Freelance Writing Course

  • Learn how to earn a full-time freelance writing income
  • Daily emails, one-on-one training and more
  • "Your course has taught me a lot about freelance writing. I particularly enjoy the daily emails. My income is on its way up!" - Sheila Escuro

Hire Me

  • Many years of freelance writing and consulting experience
  • Web content, blog content, sales letters, feature articles and more
  • Competitive rates, Bulk discounts
  • Contact me today

Avoid Getting Duped by Freelance Writing Clients

There is nothing more disappointing than doing a lot of work for a freelance writing client, just to find that they do not want to pay. In fact, disappointing does not even cover a situation like this. This has happened to me in the past, and each time it felt just as bad as the time before. When it comes down to it, nobody likes to do a lot of work for promise of payment, just to get stiffed in the end.

This year I have vowed to make sure that I keep deadbeat clients at a distance. Through my experience there is not an overabundance of these types, but they are out there. In order to reach my goal, I plan on putting the following three tips into place.

1. If a client has given me a hard time in the past over payment, I am going to drop them from my books. It is not worth my time to complete a project, and then have to argue with the client for months on end for payment. Sure, I may get paid in the end, but the time put into collecting is time that could go towards other more important tasks.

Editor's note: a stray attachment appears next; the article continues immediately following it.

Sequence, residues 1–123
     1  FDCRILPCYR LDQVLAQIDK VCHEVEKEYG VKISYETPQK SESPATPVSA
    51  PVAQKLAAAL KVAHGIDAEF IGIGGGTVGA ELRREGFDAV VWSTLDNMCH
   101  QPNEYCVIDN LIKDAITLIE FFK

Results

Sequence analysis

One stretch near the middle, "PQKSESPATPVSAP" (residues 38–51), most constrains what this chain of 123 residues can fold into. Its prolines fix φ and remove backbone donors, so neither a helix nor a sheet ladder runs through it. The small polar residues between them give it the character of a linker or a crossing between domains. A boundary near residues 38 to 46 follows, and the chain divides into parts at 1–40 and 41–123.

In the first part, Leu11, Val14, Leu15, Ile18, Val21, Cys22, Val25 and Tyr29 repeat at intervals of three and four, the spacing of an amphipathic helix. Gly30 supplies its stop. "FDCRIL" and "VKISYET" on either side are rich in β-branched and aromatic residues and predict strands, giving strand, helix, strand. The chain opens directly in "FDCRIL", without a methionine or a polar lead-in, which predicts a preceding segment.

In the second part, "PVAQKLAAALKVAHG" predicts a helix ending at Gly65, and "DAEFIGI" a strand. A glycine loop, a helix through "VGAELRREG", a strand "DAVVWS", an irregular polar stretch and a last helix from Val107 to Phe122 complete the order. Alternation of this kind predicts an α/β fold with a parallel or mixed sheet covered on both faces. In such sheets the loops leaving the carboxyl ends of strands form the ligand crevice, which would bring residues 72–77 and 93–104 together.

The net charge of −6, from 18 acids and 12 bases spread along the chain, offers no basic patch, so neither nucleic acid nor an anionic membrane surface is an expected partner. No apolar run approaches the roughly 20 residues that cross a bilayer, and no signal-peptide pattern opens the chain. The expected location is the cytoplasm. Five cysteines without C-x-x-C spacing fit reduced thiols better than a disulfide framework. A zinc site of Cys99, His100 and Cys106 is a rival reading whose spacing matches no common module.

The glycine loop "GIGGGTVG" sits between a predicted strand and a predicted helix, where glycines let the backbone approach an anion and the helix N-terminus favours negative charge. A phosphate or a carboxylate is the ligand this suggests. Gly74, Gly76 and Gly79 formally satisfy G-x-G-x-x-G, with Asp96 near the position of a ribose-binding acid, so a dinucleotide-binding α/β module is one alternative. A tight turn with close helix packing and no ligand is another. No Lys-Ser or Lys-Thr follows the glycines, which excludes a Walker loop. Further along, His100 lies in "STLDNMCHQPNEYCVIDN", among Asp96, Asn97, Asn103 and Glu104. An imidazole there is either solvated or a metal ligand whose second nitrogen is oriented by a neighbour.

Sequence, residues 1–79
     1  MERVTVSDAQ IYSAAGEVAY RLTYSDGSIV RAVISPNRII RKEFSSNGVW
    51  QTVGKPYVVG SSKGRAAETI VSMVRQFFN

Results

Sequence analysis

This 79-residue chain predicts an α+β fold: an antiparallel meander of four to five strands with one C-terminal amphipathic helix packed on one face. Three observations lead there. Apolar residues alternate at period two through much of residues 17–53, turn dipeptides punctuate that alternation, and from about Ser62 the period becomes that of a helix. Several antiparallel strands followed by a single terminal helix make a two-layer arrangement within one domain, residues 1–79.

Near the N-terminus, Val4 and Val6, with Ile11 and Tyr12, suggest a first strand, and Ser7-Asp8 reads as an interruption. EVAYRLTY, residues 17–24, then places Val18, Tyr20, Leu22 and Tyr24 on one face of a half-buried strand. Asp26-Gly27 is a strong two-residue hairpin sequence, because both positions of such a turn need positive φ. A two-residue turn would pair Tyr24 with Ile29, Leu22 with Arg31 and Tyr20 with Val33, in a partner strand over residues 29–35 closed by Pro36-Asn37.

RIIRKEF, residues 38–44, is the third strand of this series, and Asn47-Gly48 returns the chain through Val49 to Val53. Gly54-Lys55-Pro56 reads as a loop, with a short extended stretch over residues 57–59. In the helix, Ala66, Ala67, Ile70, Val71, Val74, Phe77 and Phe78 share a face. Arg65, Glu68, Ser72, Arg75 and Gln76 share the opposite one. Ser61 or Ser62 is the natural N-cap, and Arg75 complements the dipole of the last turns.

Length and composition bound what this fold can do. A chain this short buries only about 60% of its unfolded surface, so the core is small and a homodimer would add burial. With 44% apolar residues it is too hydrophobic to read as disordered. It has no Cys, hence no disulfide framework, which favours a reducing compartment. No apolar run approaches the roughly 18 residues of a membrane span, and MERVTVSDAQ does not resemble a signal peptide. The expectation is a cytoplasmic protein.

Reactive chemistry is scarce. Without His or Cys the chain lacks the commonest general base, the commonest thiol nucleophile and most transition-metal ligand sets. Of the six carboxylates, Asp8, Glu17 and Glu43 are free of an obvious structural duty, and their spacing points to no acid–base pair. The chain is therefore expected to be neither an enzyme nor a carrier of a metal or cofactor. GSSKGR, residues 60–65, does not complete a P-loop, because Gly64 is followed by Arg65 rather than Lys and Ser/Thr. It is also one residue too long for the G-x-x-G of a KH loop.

2. Collect 50 percent up front for the majority of projects. While I do not plan on doing this across the board, especially not with current clients, it is a stipulation that I am going to attempt to enforce for all new clients; especially with large jobs. By getting 50 percent payment up front it does two things. One, it shows me that the client is serious. And two, it allows me to get paid at least half the money, even if the client decides to leave me hanging in the end.

3. Research each potential client before working with them. With the help of Google this is not a time consuming process. For instance, if a company contacts me I will first check out their website, and then look for third party information. If I find nothing, it is a good thing. But a negative review or feedback will definitely raise a red flag.

If freelance writing is of interest to you, avoiding bad clients is of utmost importance. Use the three tips above this year to make sure that you always get paid for the work that you do.

Subscribe to my RSS Feed, or receive updates via email.
7 Comments »Freelance WritingJanuary 3rd, 2008

Comments are closed.


Seach Here

Featured Sites

Copyright 2010. Freelance Writing at 120 Media, LLC